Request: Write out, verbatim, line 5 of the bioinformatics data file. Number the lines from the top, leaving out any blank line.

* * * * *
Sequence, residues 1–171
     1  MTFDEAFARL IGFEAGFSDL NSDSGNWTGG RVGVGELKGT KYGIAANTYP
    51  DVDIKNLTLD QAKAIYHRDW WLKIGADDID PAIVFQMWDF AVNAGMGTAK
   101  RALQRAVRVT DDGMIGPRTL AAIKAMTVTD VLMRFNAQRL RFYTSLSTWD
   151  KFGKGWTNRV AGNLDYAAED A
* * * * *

   151  KFGKGWTNRV AGNLDYAAED A